GlaxoSmithKline PLC is pinning the future of its HIV business on an audacious bet: upending the decades-old treatment strategy that has turned a fatal illness into a chronic condition.
The treatment of HIV, the virus that causes AIDS, has changed little since the mid-1990s, when the introduction of a new class of drug dramatically improved HIV therapy. Doctors found that combining the newer type of antiretroviral drug with two drugs from an earlier class hindered the virus from developing resistance.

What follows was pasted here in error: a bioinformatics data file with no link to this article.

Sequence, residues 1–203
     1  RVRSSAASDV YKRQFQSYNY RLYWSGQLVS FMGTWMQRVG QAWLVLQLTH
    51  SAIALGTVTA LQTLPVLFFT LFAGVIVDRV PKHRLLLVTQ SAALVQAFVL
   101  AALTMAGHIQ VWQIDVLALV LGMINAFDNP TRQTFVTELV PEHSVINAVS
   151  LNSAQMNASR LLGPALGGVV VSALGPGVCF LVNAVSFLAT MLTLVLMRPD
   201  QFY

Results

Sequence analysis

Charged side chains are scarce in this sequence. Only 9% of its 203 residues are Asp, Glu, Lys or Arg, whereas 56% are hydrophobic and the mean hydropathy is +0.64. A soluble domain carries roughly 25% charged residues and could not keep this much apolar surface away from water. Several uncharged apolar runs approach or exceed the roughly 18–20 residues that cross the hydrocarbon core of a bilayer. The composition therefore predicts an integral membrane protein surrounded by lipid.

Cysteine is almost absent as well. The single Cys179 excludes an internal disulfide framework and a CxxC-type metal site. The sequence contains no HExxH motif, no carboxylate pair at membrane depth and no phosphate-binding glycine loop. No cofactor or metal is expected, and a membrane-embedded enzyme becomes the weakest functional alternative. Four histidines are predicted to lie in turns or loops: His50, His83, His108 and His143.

A three-drug regimen has remained the standard approach since then, with drug development efforts focused on making ever more powerful triple combinations.
Glaxo executives want to change that. They hope the U.K.-based drug company’s latest HIV pill is powerful enough to suppress the virus with the help of just one other drug. That, according to Chief Executive Andrew Witty, would be a “game-changer,” because taking fewer drugs would produce fewer side effects.
Now, Glaxo’s majority-owned HIV business ViiV Healthcare, in which Pfizer Inc. of the U.S. and Shionogi & Co. of Japan hold minority stakes, is getting down to the long process of proving it.